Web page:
1945 Comet Metal Products AUTHENTICAST Price List
  AUTHENTICAST Miscellany.

On the Authenticast/Comet Continuation Page 2:
  1950s Fitted Case of Tanks.
  Atomic Cannon
  Honest John
  USS Northampton - CLC-1

On the Authenticast/Comet continuation page 3:
  Comet Then and Now and Map.
  The Greater World of Comet AUTHENTICAST - A History.
  Red, White, and Blue Boxes.

On the Authenticast/Comet continuation page 4:
  WWII Tank ID Box.
  1:500 Ships Price List

On the Authenticast/Comet continuation page 5:
  1950s Fitted Case of Tanks, 1-50 (continued from Cont. Page 2).

On the Authenticast/Comet continuation page 6:
  1950s Fitted Case of Tanks, 51 - 100 (continued from Cont. Page 5.

On the Authenticast/Comet continuation page 7:
  1950s Fitted Case of Tanks, comments (continued from Cont. Page 6).

On the Authenticast/Comet continuation page 8:
  South Salem Studio's U. S. Ships Navy Case
  Comet Authenticast HELP!

On the Authenticast/Comet continuation page 9:
  Comet Authenticast ODD LOT!, with Comet Gaeltacht sets.
  Odd Ship.   new (03 Jun 2013)

On the Authenticast/Comet Aircraft page:
  Comet "Authenticast" 1:432 Aircraft ID Models,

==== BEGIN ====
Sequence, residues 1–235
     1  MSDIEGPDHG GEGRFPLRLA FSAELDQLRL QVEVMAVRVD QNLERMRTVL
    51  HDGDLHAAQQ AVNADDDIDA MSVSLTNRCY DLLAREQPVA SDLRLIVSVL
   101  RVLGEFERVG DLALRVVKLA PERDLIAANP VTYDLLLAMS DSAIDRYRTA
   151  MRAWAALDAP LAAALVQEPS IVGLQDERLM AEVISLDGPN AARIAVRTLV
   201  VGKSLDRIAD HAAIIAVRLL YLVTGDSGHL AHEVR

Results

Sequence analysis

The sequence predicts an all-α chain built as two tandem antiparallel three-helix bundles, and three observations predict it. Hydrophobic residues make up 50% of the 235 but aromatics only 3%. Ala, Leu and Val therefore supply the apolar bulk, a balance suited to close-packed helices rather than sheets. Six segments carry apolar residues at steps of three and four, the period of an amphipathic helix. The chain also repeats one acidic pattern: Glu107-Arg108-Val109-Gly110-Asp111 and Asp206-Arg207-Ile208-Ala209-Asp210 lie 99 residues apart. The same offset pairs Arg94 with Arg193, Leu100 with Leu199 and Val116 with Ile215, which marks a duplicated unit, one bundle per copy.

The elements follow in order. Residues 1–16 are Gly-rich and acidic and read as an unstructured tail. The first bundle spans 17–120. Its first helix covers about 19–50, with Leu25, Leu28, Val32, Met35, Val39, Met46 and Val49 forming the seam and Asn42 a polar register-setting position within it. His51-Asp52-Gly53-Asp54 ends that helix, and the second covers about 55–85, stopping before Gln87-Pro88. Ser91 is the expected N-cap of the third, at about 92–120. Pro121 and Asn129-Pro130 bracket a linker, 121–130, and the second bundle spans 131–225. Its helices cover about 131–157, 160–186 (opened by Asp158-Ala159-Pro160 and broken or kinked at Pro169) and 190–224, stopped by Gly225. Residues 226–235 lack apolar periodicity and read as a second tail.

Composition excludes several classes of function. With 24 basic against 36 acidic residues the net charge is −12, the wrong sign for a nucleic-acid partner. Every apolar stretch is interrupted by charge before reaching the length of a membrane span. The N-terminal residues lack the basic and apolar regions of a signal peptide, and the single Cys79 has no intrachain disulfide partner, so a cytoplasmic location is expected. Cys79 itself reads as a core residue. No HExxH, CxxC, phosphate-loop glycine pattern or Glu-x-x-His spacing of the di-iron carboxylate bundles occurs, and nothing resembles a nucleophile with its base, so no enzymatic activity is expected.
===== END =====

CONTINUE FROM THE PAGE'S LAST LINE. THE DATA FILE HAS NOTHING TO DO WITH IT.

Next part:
new (18 Sep 2013)
  1945 Comet Metal Products AUTHENTICAST Catalog (aircraft extract)
  1945 Comet Metal Products AUTHENTICAST Price List (aircraft extract)
  70-Piece Collection of Comet AUTHENTICAST 1:432 Aircraft Recognition Models.   added (23 Sep 2013)

On the Authenticast/Comet continuation page A:
  U. S. Tanks and Navy Ships Collection (with many RWB box pictures)
  listing added (31 Jul 2012)

On the Authenticast/Comet continuation page B:
  Comet Metal Products AND South Salem Studios boxed U. S. WWII ship (1:1200) models.
  listing added (31 Jul 2012)

On the Ordnance Continuation Page 1:

On the Ordnance Continuation Page 2:

On Ordnance Continuation Page 3:
  CALIBER (Calibre).
  Anzio Annie.
  SMALL ARMS (moved from Page 2 on 13 Apr 00)
  Russian Armor.

Comet "Authenticast" 1:432 Aircraft Models,
    and see below.

Comet Metal Products Co., Inc.

Old Comet Logo
(07 Jul 03 photo by and © 2003 S. Berliner, III - all rights reserved)
(Note - no reference to Authenticast; no subject image in logo)